Skip to content

Posts from the ‘Bensonhurst’ Category

Bamboo Pavilion

I'm happy that Brooklyn has real Sichuan restaurants at all, the strange thing is that both of them happen to be in unlikely spots (and if you're aware of more than these two, please spill the beans). Bay Ridge's Grand Sichuan House has always been good to me but I've been meaning to try Bensonhurst's Bamboo Pavilion for eons. I finally got around to it this weekend and I still can't declare either a winner; the food is comparable. I would only give GSH the edge for being slightly closer to me.

Neither is big on atmosphere, though both are a small notch up from typical Chinatown fluorescent bulbs and formica. Actually, Bamboo Pavilion has an interesting solution to keeping the tabletops free of impossible-not-to-splash chile oil: a plastic hospital-green disposable tablecloth that they grab all the plates up in bindlestiff-style.

The most tangible difference was that BP seemed to have a lighter hand with the Sichuan peppercorns, or a weaker batch, perhaps. This isn't necessarily a bad thing, the Sichuan food I've had in Hong Kong (I've never been to Chengdu…one of these days) is so wildly metallic and buzzy that you lose all sense of taste.

Bamboo pavilion banchan

The "banchan" (I don't know the word for small Chinese dishes that come with a meal) was an unexpected extra. I've never received more than peanuts at any other Sichuan restaurant. Here, there was also cold, smoked duck and pickled bean sprouts.

Bamboo pavilion tongue & tripe in chile oil

The tripe and tongue in chile oil was spicy and perked up by the cilantro and chopped peanuts, but like I said, no extreme mouth numbing effects.

Bamboo pavilion dan dan noodles

James always orders dan dan noodles, though I'm content with just a plate of chile oil drenched offal to start. These were served warm. I've never been able to get a clear sense of optimal dan dan noodle temperature since I've encountered hot, room temperature and cold versions. Even sticking to ground pork or beef isn't consistent. This was pork. 

Bamboo pavilion lamb with hot sauce

Nobody can beat the cumin lamb at Little Pepper, but I'll always give a lamb dish a chance. This was hot and contained lots of oil-softened leeks and red pepper slices but the meat needed some char. It appeared to have been coated in flour before sautéing but didn't get enough time in the pan, which resulted in some doughy patches.

Bamboo pavilion fish with hot bean sauce

We wanted seafood and were hesitant to try the fish with hot bean sauce after being told, "Americans like this one." That made me want to pick one of the piscine delights only labeled in Chinese characters that was displayed in the free standing photo flip menu, instead. I actually have no idea what species this white-fleshed fish was, but it was what I expected: delicate meat smothered with a strong chile sauce, toban djan. Don't expect the saltiness of fermented black beans, the beans here are favas. Favas seem so greenmarket and now, and well, European, but they grow in Asia too.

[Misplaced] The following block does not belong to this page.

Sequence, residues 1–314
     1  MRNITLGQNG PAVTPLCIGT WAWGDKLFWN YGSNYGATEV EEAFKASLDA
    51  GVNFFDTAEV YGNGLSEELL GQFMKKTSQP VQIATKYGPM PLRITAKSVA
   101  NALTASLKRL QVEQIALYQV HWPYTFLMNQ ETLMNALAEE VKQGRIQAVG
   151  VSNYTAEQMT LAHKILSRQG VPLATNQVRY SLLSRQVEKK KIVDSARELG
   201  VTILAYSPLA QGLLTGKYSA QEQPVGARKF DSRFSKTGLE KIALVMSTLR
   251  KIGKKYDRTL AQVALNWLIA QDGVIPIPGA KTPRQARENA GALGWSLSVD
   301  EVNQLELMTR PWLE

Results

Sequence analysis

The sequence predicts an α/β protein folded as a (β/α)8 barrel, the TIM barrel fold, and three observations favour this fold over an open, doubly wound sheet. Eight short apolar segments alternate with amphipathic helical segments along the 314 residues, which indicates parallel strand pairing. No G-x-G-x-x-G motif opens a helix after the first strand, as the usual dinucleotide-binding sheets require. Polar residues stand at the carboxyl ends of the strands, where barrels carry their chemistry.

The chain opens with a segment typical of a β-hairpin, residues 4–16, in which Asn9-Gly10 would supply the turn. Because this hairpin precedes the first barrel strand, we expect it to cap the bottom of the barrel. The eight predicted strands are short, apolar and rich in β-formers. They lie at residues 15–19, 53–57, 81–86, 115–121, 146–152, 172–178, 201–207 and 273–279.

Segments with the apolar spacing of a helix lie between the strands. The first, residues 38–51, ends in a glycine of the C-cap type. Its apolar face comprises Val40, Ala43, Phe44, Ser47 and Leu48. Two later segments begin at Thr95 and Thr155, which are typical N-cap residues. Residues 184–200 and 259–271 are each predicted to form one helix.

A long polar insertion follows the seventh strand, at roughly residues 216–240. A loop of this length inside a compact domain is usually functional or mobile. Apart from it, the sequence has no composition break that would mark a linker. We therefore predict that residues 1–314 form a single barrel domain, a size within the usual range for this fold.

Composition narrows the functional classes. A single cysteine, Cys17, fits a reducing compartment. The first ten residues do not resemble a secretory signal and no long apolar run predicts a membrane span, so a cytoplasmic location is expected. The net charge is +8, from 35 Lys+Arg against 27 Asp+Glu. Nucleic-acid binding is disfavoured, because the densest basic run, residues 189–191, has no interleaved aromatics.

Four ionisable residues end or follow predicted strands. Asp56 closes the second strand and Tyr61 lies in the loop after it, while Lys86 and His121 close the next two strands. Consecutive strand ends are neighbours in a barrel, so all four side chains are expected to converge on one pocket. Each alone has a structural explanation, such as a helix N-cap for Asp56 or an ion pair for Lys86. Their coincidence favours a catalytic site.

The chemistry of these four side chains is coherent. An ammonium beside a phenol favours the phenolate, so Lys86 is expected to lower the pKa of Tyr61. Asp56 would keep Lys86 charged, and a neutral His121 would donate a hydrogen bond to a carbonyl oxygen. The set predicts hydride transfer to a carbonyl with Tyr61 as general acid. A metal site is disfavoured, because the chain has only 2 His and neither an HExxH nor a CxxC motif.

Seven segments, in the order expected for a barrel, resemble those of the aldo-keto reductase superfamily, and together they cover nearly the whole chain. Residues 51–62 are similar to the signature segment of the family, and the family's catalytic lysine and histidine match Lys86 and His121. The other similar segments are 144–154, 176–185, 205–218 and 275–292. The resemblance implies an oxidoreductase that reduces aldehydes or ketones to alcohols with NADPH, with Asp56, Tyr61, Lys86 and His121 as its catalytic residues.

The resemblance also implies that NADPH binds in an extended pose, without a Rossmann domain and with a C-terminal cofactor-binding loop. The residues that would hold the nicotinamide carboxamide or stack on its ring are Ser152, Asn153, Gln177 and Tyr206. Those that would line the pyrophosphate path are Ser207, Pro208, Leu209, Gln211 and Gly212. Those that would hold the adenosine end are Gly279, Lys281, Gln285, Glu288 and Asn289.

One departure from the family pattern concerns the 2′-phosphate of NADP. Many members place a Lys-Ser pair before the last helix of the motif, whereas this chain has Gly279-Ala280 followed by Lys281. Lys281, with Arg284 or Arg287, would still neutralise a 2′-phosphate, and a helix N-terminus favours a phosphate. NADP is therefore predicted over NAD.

Bamboo pavilion green beans

Green beans with pork are a basic, always welcome vegetable. You have to have at least one non-meaty item. The whole back page of the picture menu was devoted to dishes using wild mushrooms. The strict focus on fungi was kind of cool but I balked at prices in the mid-teens because I am cheap that way. I would consider swapping a mushroom creation for a fish preparation if I go again.

Bamboo Pavilion * 6920 18th Ave., Brooklyn, NY

World Tong


I imagine that dim sum can be civilized, but in my experience it has never
been a tidy orderly affair. Thats OK, ordering from a menu kind of takes the
fun out of it anyway. But you do have to be in the proper frame of mind to
deal, particularly with World Tong. We might not have been up to it this
Sunday. It was just too hot for all the crowding. And being first-timers we
had to pick up procedures on the fly.

It quickly became apparent that numbers were not being called in English
when countless customers who arrived after us began taking spots at tables.
I'm still not sure how youre supposed to get seated if you don't know your
number is up, you have to pester the host if you can even get close to him.

Order is luck of the draw, and the women with carts tend to keep the
lids on the metal steamer containers so mere glances arent telling. I tried
taking cues from the two groups at our round table. If they seemed
interested in what was being hawked, I would wait and see what they were
handed then make a split second decision. We managed to amass shrimp
dumplings, shrimp in bean curd skin, sweet and sour spareribs, turnip cakes,
mini pork chive buns sprinkled with sesame seeds, a chile popper affair
filled with a seafood paste and a large plate of suckling pig.

Dim summing can be frustrating if you fear disorder (and sitting with
strangers), but as far as risks go, dumplings are on the low end. I've never
had any major duds. Not even the tripe, which I've learned not to order
because I'm the only one wholl eat it and the portion is too generous. While
good, you don't want to fill your stomach with anothers. All in all the meal
only amounted to $28, which is amazing considering the pork was a $10.95
special. That averages out to around $2.50 per plate.

Next I would like to attempt weekday dim sum. Maybe Ill finagle it soon
and get the kinks worked out at a more leisurely pace.

World Tong * 6202 18th Ave., Brooklyn, NY